Relying on a ridesharing gig to make money ain't what it used to be

Originally published at:


That said, not all is doom and gloom within the gig economy. According to the same study, those that make a little extra cheddar from leasing out their apartments with services like Airbnb are currently enjoying 69% gains to their bottom line.



Most rental agreements prohibit subletting any part of your apartment. So Airbnb is for property owners. By and large, the people who take gig jobs to make ends meet are renters, not owners, and are not going to be renting out a room on Airbnb. We’re talking two entirely different socioeconomic classes.

TLDR version of the linked article: tech business founded on exploiting workers discovered to be immiserating those who work for it. Tech business founded on enriching property owners (while taking a cut) found to be increasing the income of those who use it. Film at 11.


To be fair to Uber (I just threw up a little in my mouth when I wrote that.) The study looks at total earnings per driver rather that earnings per hour.

Both Uber and Lift claim that they have more drivers who are only working occasional hours while early on more were driving close to full time.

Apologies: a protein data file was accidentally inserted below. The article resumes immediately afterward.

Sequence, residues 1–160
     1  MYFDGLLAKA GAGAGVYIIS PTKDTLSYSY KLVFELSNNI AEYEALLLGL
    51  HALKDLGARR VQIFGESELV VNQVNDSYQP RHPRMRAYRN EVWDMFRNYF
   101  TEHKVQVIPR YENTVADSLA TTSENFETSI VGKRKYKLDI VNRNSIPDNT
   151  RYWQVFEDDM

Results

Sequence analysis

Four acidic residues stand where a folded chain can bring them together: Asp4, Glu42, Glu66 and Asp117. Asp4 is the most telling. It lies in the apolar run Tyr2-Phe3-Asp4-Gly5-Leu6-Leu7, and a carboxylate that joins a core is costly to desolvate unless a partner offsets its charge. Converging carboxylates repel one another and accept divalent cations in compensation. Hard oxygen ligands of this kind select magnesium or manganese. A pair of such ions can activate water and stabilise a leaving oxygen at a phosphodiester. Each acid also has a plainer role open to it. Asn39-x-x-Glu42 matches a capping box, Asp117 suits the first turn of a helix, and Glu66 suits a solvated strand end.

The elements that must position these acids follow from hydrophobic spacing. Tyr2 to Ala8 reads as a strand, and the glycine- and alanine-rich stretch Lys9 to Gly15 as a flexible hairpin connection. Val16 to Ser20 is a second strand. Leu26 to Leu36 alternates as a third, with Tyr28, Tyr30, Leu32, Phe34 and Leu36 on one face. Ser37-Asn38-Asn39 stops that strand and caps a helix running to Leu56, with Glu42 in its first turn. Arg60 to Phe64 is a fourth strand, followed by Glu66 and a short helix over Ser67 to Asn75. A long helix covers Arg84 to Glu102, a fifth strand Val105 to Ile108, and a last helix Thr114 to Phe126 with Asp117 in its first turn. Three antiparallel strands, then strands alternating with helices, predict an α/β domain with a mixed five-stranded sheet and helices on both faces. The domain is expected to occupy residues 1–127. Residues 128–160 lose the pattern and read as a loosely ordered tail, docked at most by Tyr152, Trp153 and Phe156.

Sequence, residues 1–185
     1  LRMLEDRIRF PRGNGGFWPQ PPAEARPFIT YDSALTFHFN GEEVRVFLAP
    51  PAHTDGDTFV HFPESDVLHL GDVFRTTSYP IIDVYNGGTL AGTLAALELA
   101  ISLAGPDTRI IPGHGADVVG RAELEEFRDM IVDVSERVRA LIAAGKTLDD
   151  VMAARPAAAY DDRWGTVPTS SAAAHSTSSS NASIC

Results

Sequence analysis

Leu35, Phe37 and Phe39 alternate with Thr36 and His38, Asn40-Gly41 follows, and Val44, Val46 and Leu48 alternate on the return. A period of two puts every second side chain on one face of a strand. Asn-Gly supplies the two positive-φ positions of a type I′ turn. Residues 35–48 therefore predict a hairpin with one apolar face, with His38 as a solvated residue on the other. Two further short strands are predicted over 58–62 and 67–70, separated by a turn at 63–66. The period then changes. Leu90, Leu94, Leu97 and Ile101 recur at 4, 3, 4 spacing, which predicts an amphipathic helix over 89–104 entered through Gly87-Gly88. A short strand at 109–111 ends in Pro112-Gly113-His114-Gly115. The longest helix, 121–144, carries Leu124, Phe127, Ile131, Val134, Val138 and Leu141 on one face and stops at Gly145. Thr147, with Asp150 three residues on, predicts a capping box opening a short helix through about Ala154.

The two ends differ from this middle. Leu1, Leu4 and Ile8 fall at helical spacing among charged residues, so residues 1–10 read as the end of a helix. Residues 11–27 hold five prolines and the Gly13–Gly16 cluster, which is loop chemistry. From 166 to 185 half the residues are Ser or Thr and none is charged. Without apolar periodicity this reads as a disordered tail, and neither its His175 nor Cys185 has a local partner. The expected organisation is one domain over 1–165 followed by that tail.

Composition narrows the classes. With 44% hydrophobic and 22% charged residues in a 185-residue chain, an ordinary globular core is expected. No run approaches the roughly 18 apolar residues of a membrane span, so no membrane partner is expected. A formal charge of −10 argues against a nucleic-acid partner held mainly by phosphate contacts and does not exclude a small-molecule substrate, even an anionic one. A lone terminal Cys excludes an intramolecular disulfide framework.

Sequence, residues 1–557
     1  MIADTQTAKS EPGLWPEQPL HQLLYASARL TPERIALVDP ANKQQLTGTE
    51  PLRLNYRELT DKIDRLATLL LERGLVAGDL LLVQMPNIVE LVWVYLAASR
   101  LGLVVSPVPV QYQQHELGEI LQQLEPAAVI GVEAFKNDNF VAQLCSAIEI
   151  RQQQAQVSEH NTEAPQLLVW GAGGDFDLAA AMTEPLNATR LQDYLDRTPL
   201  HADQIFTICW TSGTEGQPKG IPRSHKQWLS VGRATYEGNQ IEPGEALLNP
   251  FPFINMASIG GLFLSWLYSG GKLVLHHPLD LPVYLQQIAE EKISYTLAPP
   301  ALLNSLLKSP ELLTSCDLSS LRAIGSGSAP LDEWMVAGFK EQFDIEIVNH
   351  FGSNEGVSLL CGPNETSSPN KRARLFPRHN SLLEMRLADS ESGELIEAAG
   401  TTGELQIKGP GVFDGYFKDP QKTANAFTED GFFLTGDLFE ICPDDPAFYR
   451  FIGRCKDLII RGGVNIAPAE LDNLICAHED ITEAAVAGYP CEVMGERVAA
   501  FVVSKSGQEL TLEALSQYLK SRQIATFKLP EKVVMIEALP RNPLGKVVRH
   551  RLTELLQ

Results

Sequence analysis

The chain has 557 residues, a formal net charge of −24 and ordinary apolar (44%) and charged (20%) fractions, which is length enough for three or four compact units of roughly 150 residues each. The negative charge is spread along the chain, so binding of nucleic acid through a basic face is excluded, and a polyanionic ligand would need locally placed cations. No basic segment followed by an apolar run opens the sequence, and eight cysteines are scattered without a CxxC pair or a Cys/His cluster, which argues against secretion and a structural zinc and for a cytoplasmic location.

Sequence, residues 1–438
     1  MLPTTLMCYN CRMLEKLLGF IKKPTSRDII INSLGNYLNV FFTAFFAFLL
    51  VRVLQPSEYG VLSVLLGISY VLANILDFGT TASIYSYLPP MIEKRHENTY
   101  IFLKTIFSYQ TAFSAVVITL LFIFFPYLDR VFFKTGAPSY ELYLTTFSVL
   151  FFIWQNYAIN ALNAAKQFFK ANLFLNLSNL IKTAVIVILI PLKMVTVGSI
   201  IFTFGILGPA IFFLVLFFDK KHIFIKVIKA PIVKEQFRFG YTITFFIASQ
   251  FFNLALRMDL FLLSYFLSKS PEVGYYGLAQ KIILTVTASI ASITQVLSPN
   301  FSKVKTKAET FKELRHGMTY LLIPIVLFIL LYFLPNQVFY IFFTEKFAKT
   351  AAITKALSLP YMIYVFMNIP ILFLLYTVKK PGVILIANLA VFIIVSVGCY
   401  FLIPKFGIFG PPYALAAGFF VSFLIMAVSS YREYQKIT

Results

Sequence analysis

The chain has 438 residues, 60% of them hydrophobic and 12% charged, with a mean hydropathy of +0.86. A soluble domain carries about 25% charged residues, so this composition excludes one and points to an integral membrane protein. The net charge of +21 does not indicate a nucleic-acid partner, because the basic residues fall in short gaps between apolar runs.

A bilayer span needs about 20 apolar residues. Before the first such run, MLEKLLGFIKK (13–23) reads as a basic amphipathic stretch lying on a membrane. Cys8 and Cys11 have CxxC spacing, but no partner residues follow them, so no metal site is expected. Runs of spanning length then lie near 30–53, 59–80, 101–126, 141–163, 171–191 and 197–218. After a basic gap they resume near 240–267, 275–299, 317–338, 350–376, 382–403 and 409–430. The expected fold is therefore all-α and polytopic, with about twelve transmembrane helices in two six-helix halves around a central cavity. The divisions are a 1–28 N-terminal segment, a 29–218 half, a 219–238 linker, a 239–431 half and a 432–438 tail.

If true, it’s a fair point.

Isn’t that simply market laws at work? There is a bottomless supply of drivers, because anyone can be a driver, so the competition leads drivers earning towards zero. There is a limited supply of rentable property in tourist areas, so the price of tourist rents stays afloat.

Which also shows that the so-called “invisible hand f the market” is not always that efficient at regulating things. Case in point: Europe still regulates taxi drivers in many places and the result is not too bad. Not perfect, but one finds taxis and the drivers make a decent living.


One of the main reasons we have ridesharing here in the USA is that when we have regulated taxis, there is a healthy grab by the good old American not-so-invisible hand of corruption.

From 2012:

By converting a portion of cabbies’ future revenue into a freely tradable asset, New York, Chicago, San Francisco, and a host of other cities have created a powerful investor class, medallion owners and financiers, whose interests routinely compete with those of drivers and passengers.

“Compete” may be the wrong word, however, since owners of the aluminum placards don’t have much experience with losing. Over the last decade, their victories have driven the price of a medallion from around $200,000 to more than $1 million in New York. Medallion owners from Boston to San Francisco have been similarly fortunate, with medallions in Chicago appreciating even faster than the sustained 16 percent per year gains seen in New York.

New York fares have gone up six times over the last 30 years, yet drivers’ real income has fallen because of rising gas prices and surging medallion leasing costs. Bhairavi Desai, the head of New York’s nonprofit Taxi Workers Alliance, isn’t far from the mark when she calls the current system “feudal.”